Controlling Visible-Light Photodegradation of Organics on TiO2 Thin Films

The research goal of this project is to understand and control the individual reaction steps of organic air pollutants on doped TiO2 thin film catalysts in visible-light photodegradation reactions.

The PI approaches the photoreaction mechanism directly on the catalyst surface and at the molecular level at which the reaction operates. In situ scanning tunneling microscopy, coupled with Raman spectroscopy, will be used to analyze what happens to reactant adsorbates at certain surface sites in visible-light photoreactions. A femtosecond laser quantum control technique will be utilized to selectively break bonds in adsorbed molecules and to enable new reactions that are normally not accessible.

This research plan addresses fundamental questions that are essential for the rational design of catalysts that efficiently carry out the photo-oxidation of organic pollutants. Gaining molecular-level insight into photoexcited reaction mechanisms will impact a wide range of oxide-based photocatalytic applications. The manipulation of surface reactions provides a new form of selectivity in addition to the usual variation of temperature, pressure, and catalysts in chemical reactions.

                                                                                                                                                                                                                      Tip-Enhanced Raman Sensing on Semiconductor Catalysts

 The research objective of this project is to advance molecular-level chemical identification of molecules on non-traditional Raman scattering materials for heterogeneous catalysis using a combination of the most advanced Raman spectroscopies. The team approach the Raman signal enhancement from both the fundamental understanding and the technological development points of view. STM provides a detailed molecular-scale local structural characterization of the scattering media (oxide-molecule complexes). A gold or silver STM tip will be used as an optical nanoantenna to investigate the physics of surface plasmon resonances (SPRs). The atomic spatial resolution provided by the STM combines with the chemical information provided by the Raman spectrometer. The insights from single molecules uses to understand the ensembles. Nonlinear optical properties of these materials will be used to guide the design of the oxide nanostructures for a new generation of sensors with enhanced capabilities.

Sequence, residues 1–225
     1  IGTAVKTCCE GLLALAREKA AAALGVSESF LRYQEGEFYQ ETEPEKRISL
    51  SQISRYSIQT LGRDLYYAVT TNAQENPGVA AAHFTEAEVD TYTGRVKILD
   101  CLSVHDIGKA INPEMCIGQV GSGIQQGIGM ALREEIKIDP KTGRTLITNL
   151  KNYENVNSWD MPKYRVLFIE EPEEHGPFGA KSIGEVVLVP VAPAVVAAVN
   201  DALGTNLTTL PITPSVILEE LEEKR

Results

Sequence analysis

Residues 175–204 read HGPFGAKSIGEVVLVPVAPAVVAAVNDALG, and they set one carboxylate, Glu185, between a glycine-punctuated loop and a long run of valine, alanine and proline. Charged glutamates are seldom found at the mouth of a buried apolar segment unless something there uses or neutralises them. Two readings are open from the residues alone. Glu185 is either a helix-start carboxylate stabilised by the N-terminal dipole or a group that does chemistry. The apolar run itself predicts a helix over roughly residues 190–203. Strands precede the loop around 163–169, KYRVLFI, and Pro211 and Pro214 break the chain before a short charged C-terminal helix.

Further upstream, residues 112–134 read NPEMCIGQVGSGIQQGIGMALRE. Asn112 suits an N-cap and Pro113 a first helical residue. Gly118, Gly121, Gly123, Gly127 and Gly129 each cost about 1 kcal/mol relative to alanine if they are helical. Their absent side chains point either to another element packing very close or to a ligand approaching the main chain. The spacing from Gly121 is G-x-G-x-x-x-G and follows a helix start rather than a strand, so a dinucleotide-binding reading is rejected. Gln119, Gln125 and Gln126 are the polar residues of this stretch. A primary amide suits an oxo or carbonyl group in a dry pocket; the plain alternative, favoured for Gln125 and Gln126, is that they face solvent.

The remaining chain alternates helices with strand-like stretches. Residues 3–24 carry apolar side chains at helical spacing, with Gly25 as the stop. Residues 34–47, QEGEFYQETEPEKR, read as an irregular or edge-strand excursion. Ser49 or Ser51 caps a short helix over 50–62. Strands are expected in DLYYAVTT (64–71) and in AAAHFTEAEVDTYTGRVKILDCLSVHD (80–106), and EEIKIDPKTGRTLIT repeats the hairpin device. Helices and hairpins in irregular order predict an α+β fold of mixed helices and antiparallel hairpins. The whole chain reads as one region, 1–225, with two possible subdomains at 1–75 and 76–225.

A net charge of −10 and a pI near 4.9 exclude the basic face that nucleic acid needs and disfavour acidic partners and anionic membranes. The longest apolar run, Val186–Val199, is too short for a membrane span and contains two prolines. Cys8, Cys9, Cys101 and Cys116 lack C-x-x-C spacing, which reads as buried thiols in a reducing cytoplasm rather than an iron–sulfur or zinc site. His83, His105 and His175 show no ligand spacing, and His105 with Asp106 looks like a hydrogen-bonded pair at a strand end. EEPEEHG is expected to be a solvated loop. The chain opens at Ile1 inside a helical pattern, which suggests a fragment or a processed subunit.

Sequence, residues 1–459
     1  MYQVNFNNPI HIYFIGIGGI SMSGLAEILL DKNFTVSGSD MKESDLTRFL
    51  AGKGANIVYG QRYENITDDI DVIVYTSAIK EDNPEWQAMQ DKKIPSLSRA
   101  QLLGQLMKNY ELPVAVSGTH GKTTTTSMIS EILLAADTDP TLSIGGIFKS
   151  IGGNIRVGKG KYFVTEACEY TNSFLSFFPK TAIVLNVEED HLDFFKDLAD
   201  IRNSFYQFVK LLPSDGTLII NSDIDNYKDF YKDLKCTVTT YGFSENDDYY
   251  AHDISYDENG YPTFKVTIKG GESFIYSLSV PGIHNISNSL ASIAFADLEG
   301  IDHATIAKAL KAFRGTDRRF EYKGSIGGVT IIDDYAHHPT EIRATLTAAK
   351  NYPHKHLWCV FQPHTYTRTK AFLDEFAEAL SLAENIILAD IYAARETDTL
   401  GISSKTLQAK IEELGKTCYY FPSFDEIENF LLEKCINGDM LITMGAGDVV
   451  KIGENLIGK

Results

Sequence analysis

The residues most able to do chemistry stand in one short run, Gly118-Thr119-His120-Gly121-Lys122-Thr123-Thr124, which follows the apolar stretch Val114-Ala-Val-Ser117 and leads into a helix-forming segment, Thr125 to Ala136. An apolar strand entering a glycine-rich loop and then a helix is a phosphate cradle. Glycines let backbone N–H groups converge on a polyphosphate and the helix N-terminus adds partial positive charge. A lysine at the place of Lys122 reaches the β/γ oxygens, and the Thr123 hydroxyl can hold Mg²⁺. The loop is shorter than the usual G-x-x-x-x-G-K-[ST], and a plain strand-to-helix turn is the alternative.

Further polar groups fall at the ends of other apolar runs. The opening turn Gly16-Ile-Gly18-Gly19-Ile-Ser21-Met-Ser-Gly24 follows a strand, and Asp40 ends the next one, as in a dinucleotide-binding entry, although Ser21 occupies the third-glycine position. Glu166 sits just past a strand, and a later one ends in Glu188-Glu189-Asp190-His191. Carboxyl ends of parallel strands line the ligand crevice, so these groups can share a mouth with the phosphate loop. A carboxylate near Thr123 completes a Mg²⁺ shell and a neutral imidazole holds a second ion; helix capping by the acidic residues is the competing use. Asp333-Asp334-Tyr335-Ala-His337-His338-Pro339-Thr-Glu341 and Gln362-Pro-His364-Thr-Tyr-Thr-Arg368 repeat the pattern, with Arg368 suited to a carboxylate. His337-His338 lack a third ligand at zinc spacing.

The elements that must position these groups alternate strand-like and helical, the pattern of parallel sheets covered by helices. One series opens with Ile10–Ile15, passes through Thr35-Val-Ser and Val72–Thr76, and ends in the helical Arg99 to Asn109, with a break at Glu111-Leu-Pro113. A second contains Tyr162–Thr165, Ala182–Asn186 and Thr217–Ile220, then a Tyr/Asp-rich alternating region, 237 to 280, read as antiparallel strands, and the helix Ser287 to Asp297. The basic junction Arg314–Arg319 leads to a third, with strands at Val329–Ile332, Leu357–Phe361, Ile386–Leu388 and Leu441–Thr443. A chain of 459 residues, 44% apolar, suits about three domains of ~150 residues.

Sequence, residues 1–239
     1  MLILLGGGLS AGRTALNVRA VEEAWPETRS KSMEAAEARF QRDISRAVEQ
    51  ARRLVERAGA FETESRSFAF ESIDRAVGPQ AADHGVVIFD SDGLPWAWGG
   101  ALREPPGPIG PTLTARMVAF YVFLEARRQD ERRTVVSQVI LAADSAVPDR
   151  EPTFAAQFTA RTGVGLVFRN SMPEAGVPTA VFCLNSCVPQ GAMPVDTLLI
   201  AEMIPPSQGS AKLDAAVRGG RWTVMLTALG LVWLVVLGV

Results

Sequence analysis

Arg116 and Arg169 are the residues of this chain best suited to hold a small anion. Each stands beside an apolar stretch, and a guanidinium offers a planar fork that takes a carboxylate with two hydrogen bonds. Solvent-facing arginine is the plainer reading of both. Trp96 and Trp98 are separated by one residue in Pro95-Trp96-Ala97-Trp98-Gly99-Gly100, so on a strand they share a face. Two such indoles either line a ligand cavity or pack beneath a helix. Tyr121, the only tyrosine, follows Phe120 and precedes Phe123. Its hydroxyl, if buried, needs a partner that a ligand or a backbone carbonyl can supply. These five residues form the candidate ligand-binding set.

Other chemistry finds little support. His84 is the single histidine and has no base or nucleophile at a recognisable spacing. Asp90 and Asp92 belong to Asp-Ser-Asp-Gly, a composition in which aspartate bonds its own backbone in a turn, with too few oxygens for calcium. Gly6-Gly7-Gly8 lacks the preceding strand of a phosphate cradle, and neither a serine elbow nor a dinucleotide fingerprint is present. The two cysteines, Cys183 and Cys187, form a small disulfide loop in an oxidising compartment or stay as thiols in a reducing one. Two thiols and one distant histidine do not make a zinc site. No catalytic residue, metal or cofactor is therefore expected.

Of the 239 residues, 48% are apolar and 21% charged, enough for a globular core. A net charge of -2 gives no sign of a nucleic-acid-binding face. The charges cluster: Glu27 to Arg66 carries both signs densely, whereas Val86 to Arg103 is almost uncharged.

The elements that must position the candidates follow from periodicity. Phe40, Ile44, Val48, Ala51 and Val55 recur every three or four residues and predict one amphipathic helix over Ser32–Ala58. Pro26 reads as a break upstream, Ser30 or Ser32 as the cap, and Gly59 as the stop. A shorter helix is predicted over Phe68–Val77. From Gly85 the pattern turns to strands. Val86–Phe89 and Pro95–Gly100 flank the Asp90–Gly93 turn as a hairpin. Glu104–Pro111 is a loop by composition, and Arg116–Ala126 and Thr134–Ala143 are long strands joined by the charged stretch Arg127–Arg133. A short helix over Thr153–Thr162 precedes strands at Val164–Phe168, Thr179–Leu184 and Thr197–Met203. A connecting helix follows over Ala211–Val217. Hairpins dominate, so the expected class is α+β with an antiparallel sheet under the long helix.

TERS
                                                                                                                                         
 
 
Zhenrong Zhang
Assistant Professor
Department of Physics
Baylor UniversityOne Bear Place #97316, Waco, TX 76798
Phone: (254) 710-2419
Email: Zhenrong_zhang@baylor.edu